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The Threat from Above

Air travel was still beyond the reach of most postwar pockets. But with the introduction of ‘tourist class’ fares in 1953, the age of the plane was fast approaching.

Before the war, P&O had been somewhat ambivalent to the growing interest in air travel. But as the war had done so much to hasten the technical and commercial development of aircrafts, the Company could no longer ignore the threat from above.

In 1944, P&O amended its charter to allow the Company to ‘partake in air power’, however it was not until 1954 that it actually did. P&O’s subsidiary, GNSCo. (General Steam Navigation Company), acquired a majority stake in Britavia the owner of two airlines (Silver City and Aquila) with interests in air trooping, flying boats and a cross channel air service, carrying passenger and cars to the continent in a Bristol ‘Superfreighter’. Known as the ‘air ferry’, Silver City’s superfreighter was introduced in 1953 and carried over 25,000 cars in its first year.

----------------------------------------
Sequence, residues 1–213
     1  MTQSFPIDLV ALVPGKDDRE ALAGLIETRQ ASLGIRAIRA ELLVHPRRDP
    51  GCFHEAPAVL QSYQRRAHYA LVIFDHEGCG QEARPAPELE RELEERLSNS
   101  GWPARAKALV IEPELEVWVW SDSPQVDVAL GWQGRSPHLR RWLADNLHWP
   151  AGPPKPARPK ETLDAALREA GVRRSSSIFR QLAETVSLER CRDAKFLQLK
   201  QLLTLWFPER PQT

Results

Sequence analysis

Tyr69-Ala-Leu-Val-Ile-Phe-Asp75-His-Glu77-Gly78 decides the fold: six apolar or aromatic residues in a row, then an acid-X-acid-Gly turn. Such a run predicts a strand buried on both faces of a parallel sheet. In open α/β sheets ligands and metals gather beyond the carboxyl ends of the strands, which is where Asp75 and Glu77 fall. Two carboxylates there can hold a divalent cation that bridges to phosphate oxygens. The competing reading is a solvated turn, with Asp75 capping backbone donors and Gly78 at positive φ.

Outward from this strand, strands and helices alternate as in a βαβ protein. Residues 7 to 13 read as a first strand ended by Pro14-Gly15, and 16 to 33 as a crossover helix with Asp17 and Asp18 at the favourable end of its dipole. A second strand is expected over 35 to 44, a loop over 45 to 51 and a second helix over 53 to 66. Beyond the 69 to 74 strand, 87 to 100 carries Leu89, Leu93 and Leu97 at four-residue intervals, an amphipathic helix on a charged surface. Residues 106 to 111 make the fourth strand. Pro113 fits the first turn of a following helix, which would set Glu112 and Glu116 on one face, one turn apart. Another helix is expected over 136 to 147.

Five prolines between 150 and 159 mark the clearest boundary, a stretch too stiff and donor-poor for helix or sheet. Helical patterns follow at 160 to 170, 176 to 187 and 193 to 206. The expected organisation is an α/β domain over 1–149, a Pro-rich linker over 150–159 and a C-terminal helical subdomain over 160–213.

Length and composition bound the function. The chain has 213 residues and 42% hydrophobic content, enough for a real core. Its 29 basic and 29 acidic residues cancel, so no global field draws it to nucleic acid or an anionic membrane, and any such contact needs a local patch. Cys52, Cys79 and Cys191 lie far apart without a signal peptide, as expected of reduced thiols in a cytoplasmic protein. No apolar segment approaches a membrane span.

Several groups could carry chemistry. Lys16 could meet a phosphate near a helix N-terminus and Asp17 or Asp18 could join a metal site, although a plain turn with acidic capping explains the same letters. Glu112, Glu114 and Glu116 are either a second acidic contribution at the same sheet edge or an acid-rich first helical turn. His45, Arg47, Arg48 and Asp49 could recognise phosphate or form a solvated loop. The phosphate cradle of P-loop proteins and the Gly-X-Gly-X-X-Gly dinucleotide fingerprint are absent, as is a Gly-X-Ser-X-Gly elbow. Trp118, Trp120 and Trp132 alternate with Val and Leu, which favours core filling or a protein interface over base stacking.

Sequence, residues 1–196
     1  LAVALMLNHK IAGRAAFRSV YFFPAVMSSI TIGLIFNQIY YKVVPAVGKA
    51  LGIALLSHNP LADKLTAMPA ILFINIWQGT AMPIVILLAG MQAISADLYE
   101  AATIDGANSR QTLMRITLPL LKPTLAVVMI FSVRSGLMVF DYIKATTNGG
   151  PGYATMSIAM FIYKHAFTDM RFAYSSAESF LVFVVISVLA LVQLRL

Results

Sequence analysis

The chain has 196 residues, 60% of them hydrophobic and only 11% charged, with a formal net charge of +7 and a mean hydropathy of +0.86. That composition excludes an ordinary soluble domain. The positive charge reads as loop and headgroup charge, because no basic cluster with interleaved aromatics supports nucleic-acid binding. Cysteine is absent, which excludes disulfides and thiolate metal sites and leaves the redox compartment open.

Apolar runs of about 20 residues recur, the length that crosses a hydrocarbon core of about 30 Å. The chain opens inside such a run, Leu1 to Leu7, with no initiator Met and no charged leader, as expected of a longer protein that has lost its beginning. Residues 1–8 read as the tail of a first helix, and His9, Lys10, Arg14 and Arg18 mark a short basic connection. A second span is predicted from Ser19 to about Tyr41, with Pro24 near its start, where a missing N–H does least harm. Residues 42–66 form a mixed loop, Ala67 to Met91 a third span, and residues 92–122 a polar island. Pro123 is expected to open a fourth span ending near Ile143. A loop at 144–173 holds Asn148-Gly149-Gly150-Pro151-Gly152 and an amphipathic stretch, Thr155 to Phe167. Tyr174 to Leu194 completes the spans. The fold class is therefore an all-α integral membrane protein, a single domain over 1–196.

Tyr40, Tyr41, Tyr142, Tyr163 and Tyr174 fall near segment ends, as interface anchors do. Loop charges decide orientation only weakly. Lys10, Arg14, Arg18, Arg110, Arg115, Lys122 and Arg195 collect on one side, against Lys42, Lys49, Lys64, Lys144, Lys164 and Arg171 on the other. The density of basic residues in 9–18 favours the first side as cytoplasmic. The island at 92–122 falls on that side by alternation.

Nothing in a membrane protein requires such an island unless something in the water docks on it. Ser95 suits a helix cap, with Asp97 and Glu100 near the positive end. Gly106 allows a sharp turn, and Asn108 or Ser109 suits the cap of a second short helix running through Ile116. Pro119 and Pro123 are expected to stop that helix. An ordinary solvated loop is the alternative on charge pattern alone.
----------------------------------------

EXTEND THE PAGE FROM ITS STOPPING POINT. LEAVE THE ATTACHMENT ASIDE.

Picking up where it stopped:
In spite of the success of the air ferry, P&O’s board remained convinced that, although air and sea could be considered 'good neighbours in the same endeavour', air would never be a substitute for the sea.

In terms of freight they were right, but as the Company was about to discover; passengers were only too happy to take to the air…